Childbirth practices, protocols, or "standards of care"
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fetal to postnatal circulation

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Contact: Eileen Nicole Simon
eileen4brainresearch@yahoo.com
Apgar scores of
8, 9, or 10
Published
protocol
WAIT A MINUTE
Cochrane Review
Comments on the
Cochrane Review
<<
>>
Slow birth
Dr. Philip in his reply to our letters in response to the "WAIT A MINUTE" article
cites the Cochrane Review on umbilical cord clamping, the summary of which is
copied below, along with a link to where the full report can be obtained.
>>
Note that the review begins with the premise that umbilical cord clamping is the
normal thing to do, and to do within seconds after birth; and, that early clamping
allows immediate resuscitation of the infant, as if this is routinely required.  The
Cochrane review only includes investigations more recent than 1965, thus misses
the important results of research done when most obstetricians believed it was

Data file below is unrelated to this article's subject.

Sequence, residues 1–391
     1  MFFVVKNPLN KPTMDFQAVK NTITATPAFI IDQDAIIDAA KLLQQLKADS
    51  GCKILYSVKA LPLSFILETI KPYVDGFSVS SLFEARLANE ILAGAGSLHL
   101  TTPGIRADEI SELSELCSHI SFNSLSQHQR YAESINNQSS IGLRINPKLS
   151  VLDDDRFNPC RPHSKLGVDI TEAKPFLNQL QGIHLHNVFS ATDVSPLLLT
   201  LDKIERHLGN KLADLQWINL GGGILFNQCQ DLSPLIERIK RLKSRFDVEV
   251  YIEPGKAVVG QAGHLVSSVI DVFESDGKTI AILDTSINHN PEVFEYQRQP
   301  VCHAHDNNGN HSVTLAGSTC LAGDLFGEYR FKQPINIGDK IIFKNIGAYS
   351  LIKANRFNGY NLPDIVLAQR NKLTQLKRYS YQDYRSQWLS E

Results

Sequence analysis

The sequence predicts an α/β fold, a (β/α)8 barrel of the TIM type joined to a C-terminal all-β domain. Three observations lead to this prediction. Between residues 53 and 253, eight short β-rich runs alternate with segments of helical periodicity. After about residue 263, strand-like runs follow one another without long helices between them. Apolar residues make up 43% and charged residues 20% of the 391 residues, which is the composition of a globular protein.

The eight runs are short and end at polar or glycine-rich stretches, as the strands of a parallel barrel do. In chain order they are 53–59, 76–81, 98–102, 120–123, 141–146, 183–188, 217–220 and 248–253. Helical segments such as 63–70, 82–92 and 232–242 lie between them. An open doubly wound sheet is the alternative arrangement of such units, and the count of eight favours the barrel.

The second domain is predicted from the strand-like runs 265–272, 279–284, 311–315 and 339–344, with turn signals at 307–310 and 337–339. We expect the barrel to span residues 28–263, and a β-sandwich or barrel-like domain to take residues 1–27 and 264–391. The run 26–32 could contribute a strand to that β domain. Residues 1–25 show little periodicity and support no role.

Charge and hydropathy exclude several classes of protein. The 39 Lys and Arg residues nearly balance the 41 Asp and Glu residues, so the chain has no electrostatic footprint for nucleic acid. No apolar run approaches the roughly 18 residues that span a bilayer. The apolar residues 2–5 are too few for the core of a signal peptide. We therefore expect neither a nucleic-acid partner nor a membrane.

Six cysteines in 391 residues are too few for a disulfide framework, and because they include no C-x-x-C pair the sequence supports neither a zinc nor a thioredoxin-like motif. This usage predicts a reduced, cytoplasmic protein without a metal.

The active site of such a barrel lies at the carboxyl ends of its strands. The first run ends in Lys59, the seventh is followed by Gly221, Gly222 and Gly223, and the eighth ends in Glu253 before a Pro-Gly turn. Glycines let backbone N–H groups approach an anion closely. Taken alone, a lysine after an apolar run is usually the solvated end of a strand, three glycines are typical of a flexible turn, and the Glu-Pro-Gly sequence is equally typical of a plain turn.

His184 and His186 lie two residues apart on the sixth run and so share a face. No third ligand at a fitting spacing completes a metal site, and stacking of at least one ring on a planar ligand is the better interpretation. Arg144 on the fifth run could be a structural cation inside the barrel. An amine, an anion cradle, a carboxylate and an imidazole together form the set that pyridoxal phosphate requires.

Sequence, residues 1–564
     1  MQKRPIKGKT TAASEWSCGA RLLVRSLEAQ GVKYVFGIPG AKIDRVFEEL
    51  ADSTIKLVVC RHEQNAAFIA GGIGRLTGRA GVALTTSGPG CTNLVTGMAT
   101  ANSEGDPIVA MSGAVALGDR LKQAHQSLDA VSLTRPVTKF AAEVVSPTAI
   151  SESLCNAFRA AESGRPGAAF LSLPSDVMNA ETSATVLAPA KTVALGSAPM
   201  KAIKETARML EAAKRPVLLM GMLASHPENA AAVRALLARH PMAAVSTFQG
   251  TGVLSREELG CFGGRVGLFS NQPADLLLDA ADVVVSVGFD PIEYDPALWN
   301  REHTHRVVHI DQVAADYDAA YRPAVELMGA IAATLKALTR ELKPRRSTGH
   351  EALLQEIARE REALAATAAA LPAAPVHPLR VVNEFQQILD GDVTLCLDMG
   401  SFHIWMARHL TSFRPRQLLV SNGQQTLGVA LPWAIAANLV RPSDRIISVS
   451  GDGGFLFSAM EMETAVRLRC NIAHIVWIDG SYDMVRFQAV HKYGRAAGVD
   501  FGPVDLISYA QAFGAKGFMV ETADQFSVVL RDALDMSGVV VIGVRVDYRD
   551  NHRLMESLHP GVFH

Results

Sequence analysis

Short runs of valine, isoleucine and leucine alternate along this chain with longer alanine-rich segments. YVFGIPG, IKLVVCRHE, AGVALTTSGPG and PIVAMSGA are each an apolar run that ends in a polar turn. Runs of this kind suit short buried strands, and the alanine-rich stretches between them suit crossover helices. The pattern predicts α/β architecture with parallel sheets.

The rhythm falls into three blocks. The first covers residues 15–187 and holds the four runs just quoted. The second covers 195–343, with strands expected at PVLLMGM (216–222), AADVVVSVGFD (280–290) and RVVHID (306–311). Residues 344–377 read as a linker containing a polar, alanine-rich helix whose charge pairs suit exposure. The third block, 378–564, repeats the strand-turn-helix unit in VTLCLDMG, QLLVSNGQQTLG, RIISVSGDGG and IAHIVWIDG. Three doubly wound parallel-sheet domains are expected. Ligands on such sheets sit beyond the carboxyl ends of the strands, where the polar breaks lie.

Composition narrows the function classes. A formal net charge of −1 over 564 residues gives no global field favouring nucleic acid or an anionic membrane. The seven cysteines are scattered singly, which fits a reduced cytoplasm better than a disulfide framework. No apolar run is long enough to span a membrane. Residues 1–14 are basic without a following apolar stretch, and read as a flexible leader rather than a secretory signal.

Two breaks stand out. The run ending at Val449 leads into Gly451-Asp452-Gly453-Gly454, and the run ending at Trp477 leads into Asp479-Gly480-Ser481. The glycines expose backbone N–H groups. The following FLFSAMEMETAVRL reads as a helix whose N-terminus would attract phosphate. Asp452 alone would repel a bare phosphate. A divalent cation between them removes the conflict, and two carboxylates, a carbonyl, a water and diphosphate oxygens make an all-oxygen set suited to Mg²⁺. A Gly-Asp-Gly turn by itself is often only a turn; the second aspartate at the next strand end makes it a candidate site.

important to wait for pulsations in the cord to cease.
Scroll down to the authors' conclusions:
"Delaying cord clamping by 30 to 120 seconds, rather than early
clamping, seems to be associated with less need for transfusion and
less intraventricular haemorrhage. There are no clear differences in
other outcomes."
But, what outcome could be more important than preventing
intraventricular hemorrhage (i.e. permanent damage within the brain)?
The "plain language" summary at the end states that "delayed" cord clamping for
babies born early improves their health.  Explanation is then given that transfer of
blood from the placenta to the lungs takes place if the cord is left "unclamped."
Posted: February 27, 2006
(a work in progress)
<<< 6e  >>>
Cochran Review abstract:
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